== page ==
Like so many other Los Angeles studio musicians, guitarist and composer Larry Carlton was faced with a choice a number of years back: whether to go solo and develop a name for himself under his own name or to continue the less risky, more lucrative existence as a session guitarist, making good money and recording with prominent musicians. Fortunately for fans of this eclectic guitarist, he chose the former, and has recorded under his own name for Warner Bros., MCA Records and GRP Records since 1978.
Carlton's studio credits from the 1970s and early '80s include musicians and groups like Steely Dan, Joni Mitchell, Michael Jackson, Sammy Davis Jr., Herb Alpert, Quincy Jones, Bobby Bland, Dolly Parton, Linda Ronstadt and literally dozens of others. Among his more notable projects as a session guitarist were Joni Mitchell's critically acclaimed Court and Spark album and Donald Fagen's Nightfly album. For much of the 1970s, Carlton was active as a session guitarist, recording on up to 500 albums a year. Although he recorded a number of LPs under his own name as early as 1968′s With a Little Help from My Friends (Uni), and 1973′s Singing/Playing, he didn't land a major-label contract until 1978, when he signed with Warner Bros.
Carlton began taking guitar lessons when he was six. His first professional gig was at a supper club in 1962. After hearing Joe Pass on the radio, he was inspired to play jazz and blues. Wes Montgomery and Barney Kessel became important influences soon after he discovered the jazz guitar stylings of Pass. B.B. King and other blues guitarists had an impact on Carlton's style as well. He honed his guitar-playing skills in the clubs and studios of greater Los Angeles. He attended a local junior college and Long Beach State College for a year until the Vietnam War ended. Carlton toured with the Fifth Dimension in 1968 and began doing studio sessions in 1970. His early session work included studio dates with pop musicians like Vicki Carr, Andy Williams and the Partridge Family. In 1971, he was asked to join the Crusaders shortly after they'd decided to drop the word "Jazz" from their name, and he remained with the group until 1976. In between tours with the Crusaders, he also did studio session work for hundreds of recordings in every genre. But it was while he with the Crusaders that he developed the highly rhythmic, often bluesy style he has now. His credits include performing on more than 100 gold albums. His theme music credits for TV and films include Against All Odds, Who's the Boss, and the theme for Hill Street Blues. The latter won a Grammy award in 1981 for Best Pop Instrumental Performance.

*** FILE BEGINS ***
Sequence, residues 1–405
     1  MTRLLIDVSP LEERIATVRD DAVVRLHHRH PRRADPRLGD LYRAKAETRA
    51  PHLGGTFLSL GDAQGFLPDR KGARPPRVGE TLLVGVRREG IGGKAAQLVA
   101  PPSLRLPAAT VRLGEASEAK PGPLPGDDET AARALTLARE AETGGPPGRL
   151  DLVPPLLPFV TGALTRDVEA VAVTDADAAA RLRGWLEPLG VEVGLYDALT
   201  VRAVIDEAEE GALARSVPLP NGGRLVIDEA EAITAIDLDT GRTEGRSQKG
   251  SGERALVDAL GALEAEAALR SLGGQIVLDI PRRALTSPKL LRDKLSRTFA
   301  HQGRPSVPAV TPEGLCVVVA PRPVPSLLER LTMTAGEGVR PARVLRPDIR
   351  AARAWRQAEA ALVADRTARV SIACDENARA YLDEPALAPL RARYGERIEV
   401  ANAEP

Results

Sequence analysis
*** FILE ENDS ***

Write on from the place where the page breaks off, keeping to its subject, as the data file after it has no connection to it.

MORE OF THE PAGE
Carlton delivered his self-titled debut for Warner Bros. in 1978, shortly after he was recognized for his ground-breaking guitar playing on Steely Dan's Royal Scam album. (Carlton contributed the memorable guitar solo on "Kid Charlemagne.") He released four more albums for Warner Bros., Strikes Twice (1980), Sleepwalk (1981), Eight Times Up (1982), and the Grammy-nominated Friends (1983), before being dropped from the label.
He continued studio session work and touring in between, emerging again in 1986 on MCA Records with an all-acoustic album, Discovery, which contained an instrumental remake of Michael McDonald's hit, "Minute by Minute." The single won a Grammy Award for Best Pop Instrumental Performance in 1987. Carlton's live album, Last Nite, released in 1987, got him a Grammy nomination for Best Jazz Instrumental Performance.
While working on his next album for MCA, On Solid Ground, Carlton was the victim of random gun violence, and was shot in the throat by gun-wielding juveniles outside Room 335, his private studio near Burbank, California. The bullet shattered his vocal cord and caused significant nerve trauma, but through intensive therapy and a positive frame of mind, Carlton completed work on On Solid Ground in 1989. Carlton formed Helping Innnocent People (HIP), a non-profit group to aid victims of random gun violence.
Carlton's most recent albums include two releases in 1996 for GRP Records, Gift and With a Little Help from My Friends. His other recordings include 1990′s Collection and 1992′s Kid Gloves for the same label, Playing/Singing (1995, Edsel), and Renegade Gentleman, a 1993 release for GRP.